Thoughts From The Publisher’s Desk

Thoughts From The Publisher’s Desk

Ocean City Councilman Joe Hall found out firsthand last Friday what it’s like to be bitten by the viral world of social media.

In his post on the Citizens For Ocean City Facebook page, Joe Hall addressed the town’s consideration of adding paid parking to certain areas of town and the reasoning behind it.

In his post, he wrote, “The council has only asked for the big picture on parking meters. No one, even me has suggested blanketing Ocean City with meters. I’m biggest supporter of getting users of our roads to pay for street repairs. Meter’s [sic] do that. Why should property owners pay the whole $41 million in needed road repair and the day trippers and visitors that flood our roads and trash our town ride free. This is not about wheather [sic] we can or can’t do roads. We have too [sic]. We are behind. This is who is the fairest to pay. I think it has to come from property tax and meter revenue.”

Dozens of posts followed criticizing the comments, particularly the “trash our town” verbiage as well as the incorrect grammar that plagued his posts.

When I talked to him Tuesday, he addressed the critics of his writing and speaking style.

“My grammar has never been a secret. My position is people don’t vote for me because of my grammar. They vote for me for my sound decision making for the town and they know my heart is in the right place and see the big picture,” Joe Hall said. “The reality is we have over $100 million of infrastructure work that needs to be done over the next 10 years. We need to diversify our funding sources. I am leaning toward identifying commercial areas that are intensely used in mid-town and uptown where we could generate some additional revenue, such as the Seacrets and Fager’s Island areas. These are city streets, funded by city taxpayers, that are basically used as overflow parking areas. Why not capitalize on that for the taxpayers?”


Staying with the parking situation in Ocean City, the City Council approved in a 5-2 vote a 50-percent increase in the hourly rate for parking at downtown “metered” spots. Last summer, it cost 25 cents for 15 minutes. This summer, it will cost 25 cents for 10 minutes.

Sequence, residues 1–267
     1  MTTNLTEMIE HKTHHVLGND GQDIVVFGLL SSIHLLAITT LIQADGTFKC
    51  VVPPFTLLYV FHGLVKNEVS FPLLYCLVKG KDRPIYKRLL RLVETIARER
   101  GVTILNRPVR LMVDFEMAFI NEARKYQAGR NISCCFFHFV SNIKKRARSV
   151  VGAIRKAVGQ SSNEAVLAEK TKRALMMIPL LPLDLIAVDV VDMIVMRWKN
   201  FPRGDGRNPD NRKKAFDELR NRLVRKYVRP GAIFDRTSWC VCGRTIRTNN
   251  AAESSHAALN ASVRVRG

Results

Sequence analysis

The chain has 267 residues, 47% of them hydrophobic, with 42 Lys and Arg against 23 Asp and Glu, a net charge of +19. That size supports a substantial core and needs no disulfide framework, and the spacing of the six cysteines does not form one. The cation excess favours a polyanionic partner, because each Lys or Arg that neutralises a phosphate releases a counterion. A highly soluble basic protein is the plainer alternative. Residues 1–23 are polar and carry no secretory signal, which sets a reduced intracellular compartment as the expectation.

I find it interesting that the public, as well as at least a couple members of the council, seems to find it appalling to consider adding more meters to parts of the town, but are fine with this increase. What’s the difference?

An argument has been made in recent weeks that the tourists who have parked at 54th Street ocean block for years to hit the beach are going to be appalled if they come back this summer and see meters. It has been said they are going to feel gouged.

For some reason, it seems the same logic does not apply to the 50-percent hike in parking meter rates. Are we assuming the tourists are not going to notice a buck does not get them an hour as it once did?

Personally, I think that’s hypocritical. It’s not fair on one hand to bemoan the addition of paid parking areas and then say it’s a no-brainer to significantly increase the per-hour fees. They are related in that the new revenue is being built on the backs of the tourists.


It may only be February, but planning is well underway for the summer, and some specific plans will be unveiled at next week’s Mayor and Council meeting.

Sources indicate the Tourism Advisory Board will come before the council Tuesday to discuss some free weekly beach events. At least two concepts are currently being flushed out, including an elaborate laser light show featuring a five-story sphere on Sunday nights from Memorial Day to Labor Day and fireworks displays on Tuesday evenings.

Also planned are two significant national act concerts for the bookend summer weekends of Memorial Day and Labor Day. More details soon.


It will be 14 years next month since Shamir Hudson was beaten to death by his adoptive mother, but his case is being used as proof that new legislation is needed in Maryland to protect the most innocent among us.

Everyone involved in that heinous case remembers it well to this day. Before imposing a 30-year sentence on Catherine Hudson, then-Worcester County Circuit Court Judge Theodore Eschenburg called it, “the saddest and most brutal case I have witnessed in my years on the bench. The system whose mission it is to protect children has failed miserably.”

Legislation currently being weighed in the General Assembly aims to make it a misdemeanor if suspected child abuse is not reported to authorities. It’s punishable by year in prison.

Joel Todd, State’s Attorney at the time, testified in support of the bill as did Buckingham Elementary teacher Diane Raine, who repeatedly notified social services of her concerns.

After Hudson was removed from Buckingham and relocated to a private Salisbury school, the abuse intensified and that school’s headmaster did not notify authorities. After Hudson was found dead, Todd tried to charge the headmaster with failure to report child abuse, only to find out later there was no such charge. “It wasn’t until I got back to my office and actually got the book out that I realized there’s not a criminal penalty and there was nothing I could do about it. And then to rub salt into the wounds, he officiated over Shamir’s funeral,” said Todd, according to WYPR.

We will be following the bill as it makes its way through Annapolis.

About The Author: Steven Green

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The writer has been with The Dispatch in various capacities since 1995, including serving as editor and publisher since 2004. His previous titles were managing editor, staff writer, sports editor, sales account manager and copy editor. Growing up in Salisbury before moving to Berlin, Green graduated from Worcester Preparatory School in 1993 and graduated from Loyola University Baltimore in 1997 with degrees in Communications (journalism concentration) and Political Science.